One of the actual problems of lettuce is downy mildew. This disease is caused by the oomycete Bremia lactucae
. The frequent use of chemicals and resistant lettuce varieties give rise to high costs, risks for the wellbeing of both environment and consumers, and fast development of resistance of the pathogen. Cultivation in greenhouses provides the opportunity of reducing the disease pressure by adapting the climate to create circumstances less suitable for the pathogen. Therefore, sufficient knowledge of the epidemiology of B. lactucae
Experiments in the lab of phytopathology of the University of Ghent and field trials in the greenhouses of Inagro, PCG and PSKW indicated that Bremia lactucae
has different climatological needs during his life cycle:
- Spores will germinate during the morning and the germination is stimulated by leaf wetness, requiring a relative humidity of greenhouse air above 90%.
- During the night sporulation can occur when the relative humidity reaches values above 85%.
- Early in the morning spores can be released. This release is triggered by the first light and favoured by rising temperature and decreasing relative humidity.
From these findings we can conclude that lowering the relative humidity in the greenhouse can reduce both the sporulation and germination of the spores and thus diminish the disease pressure. These findings are confirmed by the latest field trials of which the results are represented in the figure below.
- The number of infected plants in greenhouses where the relative humidity did not reach 90% was five to six times lower than in greenhouses with a higher relative humidity.
- The symptoms of the diseased plants in the dryer greenhouses were less severe than those in the other greenhouses.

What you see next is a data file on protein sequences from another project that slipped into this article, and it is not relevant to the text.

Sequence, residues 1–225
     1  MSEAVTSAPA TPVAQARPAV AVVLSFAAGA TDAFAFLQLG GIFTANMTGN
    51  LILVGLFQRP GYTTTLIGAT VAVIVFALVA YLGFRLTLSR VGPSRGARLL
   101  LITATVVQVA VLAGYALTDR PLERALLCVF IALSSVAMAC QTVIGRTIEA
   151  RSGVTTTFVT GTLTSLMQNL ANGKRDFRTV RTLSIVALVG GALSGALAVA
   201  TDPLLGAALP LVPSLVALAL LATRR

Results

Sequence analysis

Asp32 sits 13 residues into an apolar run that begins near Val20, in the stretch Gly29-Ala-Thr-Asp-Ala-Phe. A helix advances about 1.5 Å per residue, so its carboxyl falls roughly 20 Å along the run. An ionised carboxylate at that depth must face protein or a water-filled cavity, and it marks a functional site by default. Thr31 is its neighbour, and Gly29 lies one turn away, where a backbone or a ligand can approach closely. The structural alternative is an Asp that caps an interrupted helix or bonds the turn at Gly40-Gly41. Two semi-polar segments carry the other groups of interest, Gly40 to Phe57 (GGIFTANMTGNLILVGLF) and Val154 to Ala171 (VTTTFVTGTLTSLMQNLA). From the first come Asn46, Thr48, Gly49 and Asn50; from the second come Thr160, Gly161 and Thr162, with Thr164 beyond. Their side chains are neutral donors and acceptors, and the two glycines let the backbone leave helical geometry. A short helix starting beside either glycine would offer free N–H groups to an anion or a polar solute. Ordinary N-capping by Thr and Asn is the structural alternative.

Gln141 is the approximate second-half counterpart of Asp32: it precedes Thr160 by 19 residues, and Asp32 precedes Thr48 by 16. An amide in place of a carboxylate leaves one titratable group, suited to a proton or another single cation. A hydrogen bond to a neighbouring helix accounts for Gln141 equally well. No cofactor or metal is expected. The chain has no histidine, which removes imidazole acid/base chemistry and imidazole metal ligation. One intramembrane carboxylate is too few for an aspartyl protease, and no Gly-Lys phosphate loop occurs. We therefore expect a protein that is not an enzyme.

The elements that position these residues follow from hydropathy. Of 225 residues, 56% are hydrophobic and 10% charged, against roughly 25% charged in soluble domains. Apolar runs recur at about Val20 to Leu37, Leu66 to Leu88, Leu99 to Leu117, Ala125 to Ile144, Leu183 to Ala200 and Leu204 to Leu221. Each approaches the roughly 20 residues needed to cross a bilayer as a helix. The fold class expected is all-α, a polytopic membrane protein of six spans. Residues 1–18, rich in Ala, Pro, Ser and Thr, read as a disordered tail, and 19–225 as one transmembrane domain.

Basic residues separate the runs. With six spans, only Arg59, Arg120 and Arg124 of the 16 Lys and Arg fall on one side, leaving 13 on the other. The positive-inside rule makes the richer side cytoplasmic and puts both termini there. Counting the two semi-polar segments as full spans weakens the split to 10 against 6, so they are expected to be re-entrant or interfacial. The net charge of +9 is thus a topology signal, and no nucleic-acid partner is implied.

The ultimate purpose of this project is to present a flowchart with advice towards the breeders, both concerning adaptation of the climate and application of (bio)chemical treatments. For the development of this flowchart more detailed information is necessary. Recent tests in the lab indicate that a relative air humidity of at least 90% during 24 hours enables the pathogen to survive a dryer period of two weeks or longer. As the relative humidity rises again, sporulation might start. This initial period of 24 hours allows spore germination and penetration of the leaf tissue. Preliminary results show that a shorter period might be sufficient, but the exact duration required should be revealed by further research.
Other aspects on which this research will focus are the possible role of oospores as a primary inoculum and the climatological circumstances which favour their formation and germination. In the first part of the project period, oospores were determined in samples from field trials and breeders. As Bremia lactucae
is a heterothallic oomycete two mating types exist, which are both needed to fuse for the formation of oospores. Recently, both mating types are identified in pathotypes isolated from diseased plants in Flanders. This excludes the possibility of import of the determined oospores.
The Bremia project is an Agricultural Research project (IWT) coordinated by the Research Centre for Vegetable Production at Kruishoutem and in collaboration with Ghent University- Faculty of Bioscience Engineering, Research Station for Vegetable Production at Sint-Katelijne-Waver and Inagro.
Afdeling Glasgroenten – verantwoordelijke: Peter Bleyaert